Oakland Plantation - Counter and shelves in Plantation Store
Magnolia Plantation - Old steam-powered cotton press
Magnolia Plantation - Slave/tenant quarters
8. January 2013 22:47
Spread out through the countryside of East Texas north of Beaumont are the 15 separate units that make up Big Thicket National Preserve. Called the “biological crossroads of North America,” Big Thicket was established to protect an amazing diversity of plant and animal species that thrive in the confluence of forests and central plains.
With the arrival of white settlers during the 1850s, harvesting of native timbers was soon followed by sawmills, railroads, farming and eventually oil strikes, so designation as a national preserve by the National Park Service created a new management concept to shelter remaining portions of the original ecology. To further environmental impact studies, the United Nations also named Big Thicket an International Biosphere Reserve in 1981.
Here travelers can explore this extraordinary landscape on easy hiking trails, birding, canoeing, fishing and ranger-led activities. With the splendid weather that accompanied my December visit, hiking several Big Thicket trails became a truly inspiring experience. I was particularly fascinated by the variety of mushrooms that I encountered, including the oyster mushrooms which grow in rows on tree trunks, as shown in the accompanying photograph.
Groups should begin their visits at the excellent Big Thicket Visitor Center. From here it’s only a short distance to the outstanding Kirby Nature Trail, at the entrance to which fine picnic facilities can be found. Other interesting (and easy) hikes in the area include the Sundew and Pitcher Plant Trails, the latter offering a unique opportunity to explore a bog of the renowned insect-eating plant species. There is no charge to visit Big Thicket.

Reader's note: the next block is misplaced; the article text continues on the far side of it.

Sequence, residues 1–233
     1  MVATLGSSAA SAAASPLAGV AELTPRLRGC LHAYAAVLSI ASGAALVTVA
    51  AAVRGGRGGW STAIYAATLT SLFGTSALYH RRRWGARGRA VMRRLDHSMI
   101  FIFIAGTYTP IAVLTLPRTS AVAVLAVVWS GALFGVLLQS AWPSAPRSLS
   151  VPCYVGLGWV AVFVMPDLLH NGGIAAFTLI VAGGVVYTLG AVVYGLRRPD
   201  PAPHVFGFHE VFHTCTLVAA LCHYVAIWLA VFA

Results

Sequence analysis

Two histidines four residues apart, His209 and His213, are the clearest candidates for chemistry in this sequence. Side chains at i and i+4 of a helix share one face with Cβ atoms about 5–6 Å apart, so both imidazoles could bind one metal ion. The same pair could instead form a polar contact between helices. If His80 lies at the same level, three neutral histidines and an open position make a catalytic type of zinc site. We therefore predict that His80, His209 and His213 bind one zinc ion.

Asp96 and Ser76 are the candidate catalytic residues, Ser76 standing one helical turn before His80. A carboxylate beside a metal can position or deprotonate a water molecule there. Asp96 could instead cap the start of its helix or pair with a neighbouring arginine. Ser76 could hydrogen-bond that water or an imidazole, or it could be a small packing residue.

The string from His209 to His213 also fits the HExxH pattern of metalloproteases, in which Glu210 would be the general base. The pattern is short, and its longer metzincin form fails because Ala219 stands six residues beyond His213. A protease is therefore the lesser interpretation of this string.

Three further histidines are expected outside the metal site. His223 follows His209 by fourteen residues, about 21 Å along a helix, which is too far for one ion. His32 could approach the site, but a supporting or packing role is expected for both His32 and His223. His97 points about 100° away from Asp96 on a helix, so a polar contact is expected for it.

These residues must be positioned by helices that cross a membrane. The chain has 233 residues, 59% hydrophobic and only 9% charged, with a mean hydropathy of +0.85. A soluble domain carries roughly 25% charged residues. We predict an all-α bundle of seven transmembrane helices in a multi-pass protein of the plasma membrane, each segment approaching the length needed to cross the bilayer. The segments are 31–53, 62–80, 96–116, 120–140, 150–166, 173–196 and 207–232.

Cypress knees in the swamp
Carnivorous pitcher plants
Reflections in Turkey Creek
8. January 2013 22:31
Not all parks are freezing in December. Parks like the Gulf Islands National Seashore in Mississippi can be a perfect way to get outdoors during the winter.
The Gulf Islands National Seashore created in 1971 to protect the long, narrow barrier islands along the Gulf of Mexico. These islands contain salt marshes, wildlife, historic forts and archaeological sites. Most this National Park Service is offshore, and over 80% of the park is actually submerged lands.
Although the islands in the Florida District are always accessible, the pristine beaches, maritime ecology and old Fort Massachusetts found on the islands about 10 miles off the Mississippi Coast are only available to travelers who have their own boats, or wish to charter one locally (a good option for tour groups), or, from Gulfport to West Ship Island during the public tour boat season, from late March through late October.
However, a hidden gem of the Seashore is the unspoiled Davis Bayou Area, in Ocean Springs. Davis Bayou offers exhibits and video presentations in the William M. Colmer Visitor Center, extensive picnic facilities, plus easy-to-negotiate nature trails and boardwalks along the bayou. These trails offer wonderful opportunities to experience the fascinating plants, animals and birds that have adapted to life in this sometimes harsh, yet beautiful subtropical landscape.
Don’t fail to save some time (but no money, as admission is free) to include this nearby showcase of Southern Mississippi’s natural beauty during your group’s next trip to the Biloxi casinos!
Hundreds of winged sumac berries
Mama heron and her young ones
They don't call this the "Gator Pond" for nothing!